When Alan Freed’s TV career was ended by the great music industry payola scandal of 1959, it proved to be a stroke of luck for Clay Cole. After less than two months on air, he now had a “clear reign” on New York television. “I was spotless … I was never offered, nor would I accept, payola,” he says.

The Clay Cole Show attracted all the big names of the day, including Bobby Darin, Tony Bennett, Ray Charles, Brenda Lee and Connie Francis (who later confessed she’d always had a secret crush on him).

With a good ear for a hit, Cole also became a champion of talented newcomers, such as Paul Anka, Neil Sedaka, Tony Orlando, Dionne Warwick, Neil Diamond, Bobby Vinton, the Four Seasons, and Dion. In 1960, he launched a nightclub tour and hired three teenage sisters as dancers. They would later become The Ronettes.

He was the first to introduce Chubby Checker performing ‘The Twist’. And the first to present the Rolling Stones in America. He also pioneered music video clips and go-go girls, and gave debuts to young stand-up comedians like Richard Pryor.

Cole also helped to break the colour barrier on US television. He was the first rock ‘n’ roll TV host to have a multi-racial audience and regularly featured soul and R&B artists such as Ray Charles, Little Anthony and The Imperials, Steve Wonder, The Supremes and Dionne Warwick – often in direct defiance of his TV bosses who warned him he was welcoming too many black artists onto the show.

A singer and dancer himself, he once sang on stage with the Four Seasons after being invited to “sing along” by his friend Frankie Valli. “I was so intimidated by their perfect harmonies,” says Cole, “I simply mouthed the words and snapped my fingers – to their great relief, I’m sure.”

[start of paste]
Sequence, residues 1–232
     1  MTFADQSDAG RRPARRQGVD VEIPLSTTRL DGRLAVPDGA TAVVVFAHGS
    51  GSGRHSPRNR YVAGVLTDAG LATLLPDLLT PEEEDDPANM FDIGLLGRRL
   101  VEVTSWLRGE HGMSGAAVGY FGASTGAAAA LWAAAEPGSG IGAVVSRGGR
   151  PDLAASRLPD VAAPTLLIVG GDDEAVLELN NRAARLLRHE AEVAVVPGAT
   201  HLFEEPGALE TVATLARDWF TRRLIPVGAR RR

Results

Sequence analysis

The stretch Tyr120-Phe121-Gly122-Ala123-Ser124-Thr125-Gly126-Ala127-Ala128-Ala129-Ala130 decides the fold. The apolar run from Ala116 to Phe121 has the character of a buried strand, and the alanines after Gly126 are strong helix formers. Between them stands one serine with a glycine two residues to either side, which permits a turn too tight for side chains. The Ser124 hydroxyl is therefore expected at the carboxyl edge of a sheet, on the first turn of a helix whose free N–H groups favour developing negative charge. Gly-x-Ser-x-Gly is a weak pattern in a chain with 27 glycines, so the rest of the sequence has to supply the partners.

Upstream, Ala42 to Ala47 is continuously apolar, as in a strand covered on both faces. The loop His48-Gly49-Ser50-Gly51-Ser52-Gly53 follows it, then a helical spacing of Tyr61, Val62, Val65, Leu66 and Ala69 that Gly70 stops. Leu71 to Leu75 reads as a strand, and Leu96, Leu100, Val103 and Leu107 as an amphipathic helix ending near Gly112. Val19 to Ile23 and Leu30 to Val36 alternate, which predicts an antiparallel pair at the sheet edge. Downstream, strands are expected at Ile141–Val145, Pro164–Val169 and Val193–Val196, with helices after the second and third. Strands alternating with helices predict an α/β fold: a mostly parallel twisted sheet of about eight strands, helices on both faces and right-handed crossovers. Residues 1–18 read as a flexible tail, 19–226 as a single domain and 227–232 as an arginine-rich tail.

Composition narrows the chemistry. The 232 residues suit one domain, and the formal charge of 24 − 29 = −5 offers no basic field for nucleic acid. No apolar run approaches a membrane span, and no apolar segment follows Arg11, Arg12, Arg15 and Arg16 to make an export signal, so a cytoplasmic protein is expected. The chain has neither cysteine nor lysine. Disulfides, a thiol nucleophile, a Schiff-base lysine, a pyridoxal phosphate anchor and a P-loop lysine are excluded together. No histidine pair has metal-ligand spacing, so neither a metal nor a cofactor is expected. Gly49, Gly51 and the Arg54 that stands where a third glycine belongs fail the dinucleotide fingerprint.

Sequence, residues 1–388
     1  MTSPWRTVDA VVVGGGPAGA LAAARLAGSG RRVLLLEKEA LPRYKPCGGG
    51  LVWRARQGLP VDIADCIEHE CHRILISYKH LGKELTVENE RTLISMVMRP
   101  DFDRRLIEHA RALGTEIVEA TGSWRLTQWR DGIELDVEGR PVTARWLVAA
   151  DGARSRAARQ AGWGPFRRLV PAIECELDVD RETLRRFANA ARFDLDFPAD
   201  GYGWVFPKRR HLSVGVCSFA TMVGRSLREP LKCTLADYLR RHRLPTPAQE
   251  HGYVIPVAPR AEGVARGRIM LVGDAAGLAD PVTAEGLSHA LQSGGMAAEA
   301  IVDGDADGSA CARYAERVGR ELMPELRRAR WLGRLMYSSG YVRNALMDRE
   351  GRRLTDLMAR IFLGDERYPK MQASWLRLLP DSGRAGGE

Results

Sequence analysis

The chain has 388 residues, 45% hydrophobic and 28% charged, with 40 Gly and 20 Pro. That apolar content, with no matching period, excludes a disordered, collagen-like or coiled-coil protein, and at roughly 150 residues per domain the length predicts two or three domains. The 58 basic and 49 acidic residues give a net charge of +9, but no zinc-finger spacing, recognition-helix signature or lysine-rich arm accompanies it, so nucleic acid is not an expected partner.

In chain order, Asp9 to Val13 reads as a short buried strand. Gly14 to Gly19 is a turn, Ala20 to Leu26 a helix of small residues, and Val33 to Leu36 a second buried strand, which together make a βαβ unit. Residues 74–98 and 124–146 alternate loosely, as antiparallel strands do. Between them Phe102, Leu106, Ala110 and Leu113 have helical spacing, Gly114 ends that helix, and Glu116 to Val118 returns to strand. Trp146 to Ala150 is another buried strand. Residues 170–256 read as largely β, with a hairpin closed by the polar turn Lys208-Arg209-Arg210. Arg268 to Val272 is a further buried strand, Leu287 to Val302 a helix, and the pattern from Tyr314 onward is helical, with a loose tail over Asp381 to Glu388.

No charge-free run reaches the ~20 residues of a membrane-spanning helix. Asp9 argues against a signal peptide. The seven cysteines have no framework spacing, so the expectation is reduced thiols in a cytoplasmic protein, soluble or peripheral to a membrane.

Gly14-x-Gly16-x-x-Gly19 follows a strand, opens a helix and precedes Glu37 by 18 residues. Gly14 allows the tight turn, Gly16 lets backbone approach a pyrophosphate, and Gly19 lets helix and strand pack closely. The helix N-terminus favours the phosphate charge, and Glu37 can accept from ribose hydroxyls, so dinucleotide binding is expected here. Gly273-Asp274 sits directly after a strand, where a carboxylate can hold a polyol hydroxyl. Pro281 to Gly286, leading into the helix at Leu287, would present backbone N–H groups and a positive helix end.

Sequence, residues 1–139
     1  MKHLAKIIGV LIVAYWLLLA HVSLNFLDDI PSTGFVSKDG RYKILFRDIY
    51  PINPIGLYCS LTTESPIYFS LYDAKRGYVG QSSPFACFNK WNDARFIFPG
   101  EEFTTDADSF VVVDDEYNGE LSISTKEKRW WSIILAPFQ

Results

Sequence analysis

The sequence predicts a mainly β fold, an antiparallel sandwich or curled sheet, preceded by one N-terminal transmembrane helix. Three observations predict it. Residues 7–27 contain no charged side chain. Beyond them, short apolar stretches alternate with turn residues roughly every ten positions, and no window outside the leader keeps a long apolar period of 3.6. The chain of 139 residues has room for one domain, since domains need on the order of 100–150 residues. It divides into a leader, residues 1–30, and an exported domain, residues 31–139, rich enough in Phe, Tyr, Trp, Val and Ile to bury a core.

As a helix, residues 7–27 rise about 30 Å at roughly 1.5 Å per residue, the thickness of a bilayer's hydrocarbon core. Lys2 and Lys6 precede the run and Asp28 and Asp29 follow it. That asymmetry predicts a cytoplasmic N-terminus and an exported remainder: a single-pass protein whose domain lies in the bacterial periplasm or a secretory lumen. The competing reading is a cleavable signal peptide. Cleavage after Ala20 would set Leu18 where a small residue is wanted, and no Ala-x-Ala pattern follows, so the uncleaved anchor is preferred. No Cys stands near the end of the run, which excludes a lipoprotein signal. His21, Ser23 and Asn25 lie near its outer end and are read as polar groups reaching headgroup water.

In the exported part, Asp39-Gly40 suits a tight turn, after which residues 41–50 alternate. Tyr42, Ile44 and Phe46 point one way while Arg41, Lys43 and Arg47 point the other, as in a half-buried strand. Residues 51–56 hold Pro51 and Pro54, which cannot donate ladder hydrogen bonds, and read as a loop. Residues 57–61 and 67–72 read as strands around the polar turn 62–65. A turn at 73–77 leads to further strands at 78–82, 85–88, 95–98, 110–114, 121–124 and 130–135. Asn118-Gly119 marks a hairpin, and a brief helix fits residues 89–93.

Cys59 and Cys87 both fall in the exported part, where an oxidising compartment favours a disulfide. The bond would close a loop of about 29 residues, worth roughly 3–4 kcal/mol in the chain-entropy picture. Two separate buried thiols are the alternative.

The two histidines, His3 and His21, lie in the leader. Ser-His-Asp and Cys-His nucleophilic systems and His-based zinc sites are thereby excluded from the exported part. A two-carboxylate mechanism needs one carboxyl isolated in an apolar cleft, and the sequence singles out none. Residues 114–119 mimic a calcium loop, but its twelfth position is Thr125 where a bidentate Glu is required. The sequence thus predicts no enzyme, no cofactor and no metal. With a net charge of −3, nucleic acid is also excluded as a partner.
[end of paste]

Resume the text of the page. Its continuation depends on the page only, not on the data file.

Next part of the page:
Sh-Boom! – The Explosion of Rock ‘N’ Roll (1953-1968) covers Clay Cole’s “fifteen years of TV fame” – and explores every pop music phenomenon from rhythm and blues, cover records, rockabilly, folk-rock, teen idols, and girl groups … to the arrival of The Beatles, the British Invasion, the creation of the American boy band, and Flower Power.

It was the shift to acid rock and heavy metal that eventually prompted Clay Cole to walk away from his highly popular TV show in 1968, at the age of 30. He realised he’d become “a black-tie, tuxedo guy, adrift in a tie-dyed T-shirt world”. His final show featured Jerry Lewis, Paul Anka, and the Cowsills.

Over the 40 years since, he has been the writer, producer and director of over 3500 broadcast TV shows, including several award-winning programmes.

Sh-Boom!’ … great title for a song … great name (we think) for a music magazine for ‘baby boomers’ … and now a great title for an important book that doesn’t just chronicle the early beginnings of rock ‘n’ roll, it tells you how it felt to be there.

Sh-Boom! – The Explosion of Rock ‘N’ Roll (1953-1968) can be purchased from Amazon.co.uk and Amazon.com. It is also available direct from the Clay Cole website at www.claycoleshow.com

UPDATE:  We are sad to report that Clay Cole died on December 18, 2010 at his home on Oak Island, N.C. He was 72. The cause was a heart attack, his brother Richard Rucker said. In addition to his brother, he is survived by another brother, James Rucker, and a sister, Tama Rucker. 

 

‘West Coast Seattle Boy’ to spearhead more deluxe Jimi Hendrix reissues in October

August 13, 2010